Where the air is rare

Mem­ber­ship of the ex­clu­sive GT V8S club brings sub­lime com­fort — and the clout of a pri­vate eq­uity fund

The Courier-Mail - Motoring - - Prestige - CRAIG DUFF craig.duff@news.com.au

IF A Porsche lacks panache and a Rolls-Royce doesn’t have the re­quired wind­screen rake, Bent­ley is your brand.

As much a fash­ion state­ment as lux­ury coupe, the Con­ti­nen­tal GT V8S is for the well-heeled buyer who de­sires a lux­ury grand tourer with very long legs.

A twin-turbo V8 shared with the Audi RS6 fires this 2.3‒tonne au­to­mo­tive ti­tan to 100km/h in just 4.5 seconds, cour­tesy of an eight-speed au­to­matic trans­mis­sion and all‒wheel drive.

Apart from the in­ten­tional au­ral in­tru­sion as the en­gine gives vent, the ex­pe­ri­ence is ethe­real as the speedo nee­dle spins around the dial ac­com­pa­nied by an ab­sence of lurch­ing, wind noise or any stan­dard barom­e­ter of pace.

Then again, for $405,600 so it should. That’s for starters — our test car came in at a firsthome­buy­ing price of $502,055 be­fore on-road costs.

The op­tions are as ex­pan­sive as the ve­hi­cle it­self. Would sir like a sports ex­haust and brakes and cabin bling made from car­bon fi­bre? That’ll be $36,965.

Up­grad­ing to 21-inch wheels with an ad­mit­tedly ex­quis­ite “black di­a­mond” fin­ish, adding al­loy ped­als and jewel-fin­ish fuel and oil caps, along with di­a­mond-quilted and per­fo­rated leather, em­broi­dered Bent­ley head­rest em­blems and “in­dented head­lin­ing hide” is another $16,916.

The pre­mium audio adds $14,636, tinted front and rear lamps are a $3474 in­vest­ment and con­trast­ing needle­work on the leather up­hol­stery will stitch buy­ers up by $3810.

At this price one might ex­pect a rev­ers­ing cam­era as de­fault gear. Sadly, no. It also re­quires an op­tion tick, though at $2431 is a rel­a­tive bar­gain.

The eye-sear­ing yel­low paint­work on the Cars­guide re­view car adds $11,011 and is best re­served for those who de­light in be­ing the fo­cus of at­ten­tion (or are con­sid­er­ing cre­at­ing a fleet of taxis for the mega-rich).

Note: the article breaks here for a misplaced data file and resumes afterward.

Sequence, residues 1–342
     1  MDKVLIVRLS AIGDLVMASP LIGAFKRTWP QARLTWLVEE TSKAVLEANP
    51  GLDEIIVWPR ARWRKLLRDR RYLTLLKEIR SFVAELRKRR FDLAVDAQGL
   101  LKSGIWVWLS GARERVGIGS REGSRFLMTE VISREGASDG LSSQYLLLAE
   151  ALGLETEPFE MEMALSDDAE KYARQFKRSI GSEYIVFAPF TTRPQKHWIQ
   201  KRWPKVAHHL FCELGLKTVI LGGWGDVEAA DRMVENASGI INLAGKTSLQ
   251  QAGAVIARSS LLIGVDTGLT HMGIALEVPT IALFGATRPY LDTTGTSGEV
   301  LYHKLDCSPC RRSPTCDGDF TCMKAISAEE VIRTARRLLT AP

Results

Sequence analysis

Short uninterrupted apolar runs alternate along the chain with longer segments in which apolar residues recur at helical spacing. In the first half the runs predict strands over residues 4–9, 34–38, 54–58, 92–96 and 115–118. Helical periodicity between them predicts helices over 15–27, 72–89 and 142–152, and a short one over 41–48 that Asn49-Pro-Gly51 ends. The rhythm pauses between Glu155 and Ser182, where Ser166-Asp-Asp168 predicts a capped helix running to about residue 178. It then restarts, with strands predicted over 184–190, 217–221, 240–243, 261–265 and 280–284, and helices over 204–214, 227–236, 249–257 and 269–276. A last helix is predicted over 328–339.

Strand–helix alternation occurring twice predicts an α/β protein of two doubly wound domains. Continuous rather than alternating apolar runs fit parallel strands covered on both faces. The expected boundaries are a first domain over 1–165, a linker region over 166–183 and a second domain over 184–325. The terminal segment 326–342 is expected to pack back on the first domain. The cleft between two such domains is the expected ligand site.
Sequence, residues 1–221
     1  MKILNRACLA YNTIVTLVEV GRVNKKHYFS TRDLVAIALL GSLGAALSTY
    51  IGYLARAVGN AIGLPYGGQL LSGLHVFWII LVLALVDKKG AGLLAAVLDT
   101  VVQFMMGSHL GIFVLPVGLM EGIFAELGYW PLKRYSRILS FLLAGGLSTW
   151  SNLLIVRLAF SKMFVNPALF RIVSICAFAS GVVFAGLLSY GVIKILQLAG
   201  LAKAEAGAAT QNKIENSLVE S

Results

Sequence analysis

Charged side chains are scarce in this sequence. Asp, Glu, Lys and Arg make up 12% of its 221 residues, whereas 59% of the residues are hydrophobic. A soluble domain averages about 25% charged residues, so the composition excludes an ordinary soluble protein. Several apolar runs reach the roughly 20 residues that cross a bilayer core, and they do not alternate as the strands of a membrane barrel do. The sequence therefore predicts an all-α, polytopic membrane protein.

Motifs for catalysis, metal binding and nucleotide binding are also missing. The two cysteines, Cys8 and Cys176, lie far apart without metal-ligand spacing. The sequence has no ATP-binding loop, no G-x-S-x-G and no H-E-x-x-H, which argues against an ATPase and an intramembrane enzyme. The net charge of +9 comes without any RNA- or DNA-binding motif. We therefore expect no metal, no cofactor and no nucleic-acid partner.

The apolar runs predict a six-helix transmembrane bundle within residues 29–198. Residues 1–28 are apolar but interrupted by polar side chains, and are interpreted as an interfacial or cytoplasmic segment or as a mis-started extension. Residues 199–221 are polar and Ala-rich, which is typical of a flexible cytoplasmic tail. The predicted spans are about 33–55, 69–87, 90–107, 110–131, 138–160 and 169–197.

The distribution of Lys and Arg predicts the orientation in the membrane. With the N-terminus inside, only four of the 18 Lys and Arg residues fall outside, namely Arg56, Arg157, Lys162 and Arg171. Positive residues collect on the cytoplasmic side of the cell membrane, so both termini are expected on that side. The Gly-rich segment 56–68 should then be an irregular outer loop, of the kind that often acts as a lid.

If the lat­ter is the case, it’s ef­fec­tively a one-pas­sen­ger con­veyance. The rear seat is best left as some­where to sit the Her­mes hand­bag. It’s not an un­com­fort­able place to be (though legroom is limited) but there’s sim­ply no deco­rous way to en­ter and exit the back. And that’s not in keep­ing with the glam­orous na­ture of this ma­chine.

A 14-way ad­justable front seat and elec­tri­cally pow­ered steer­ing col­umn en­sure it’s easy to find the op­ti­mum driv­ing po­si­tion and the in­fo­tain­ment menus and switchgear are as log­i­cal as can be ex­pected from a fu­sion of Ger­man and Bri­tish en­gi­neer­ing.

The leather-clad pad­dleshifter­s (a $1422 op­tion) are the only down­side of the ex­pe­ri­ence, be­ing set too far be­hind the wheel to make changes an in­tu­itive ex­pe­ri­ence. Given the trans­mis­sion’s pre­set shift points range from waft­ing smooth in drive mode to ham­mer­ing race-blips in sport, there’s lit­tle oc­ca­sion to use them any­way.

At pace or through tight cor­ners the Bent­ley’s nose­heavy bias is ap­par­ent, kept in check by all-wheel grip and a chas­sis hewn as if from gran­ite.

The sus­pen­sion can be ad­justed via a vir­tual slider on the in­fo­tain­ment screen to step from soft and cud­dly with ut­ter dis­dain for road joins and pot­holes to a so­lid­ity that wouldn’t be out of place on a track.


Bent­ley own­er­ship is an ex­clu­sive club — the Aus­tralian sales tally is about 10 a month. In the case of the GT V8S, that mem­ber­ship brings with it a sub­limely com­fort­able cruiser with all the clout of a pri­vate eq­uity fund. Price isn’t the is­sue, ap­pear­ances are … and you don’t want the GT V8S ap­pear­ing in your rear-view mir­rors.

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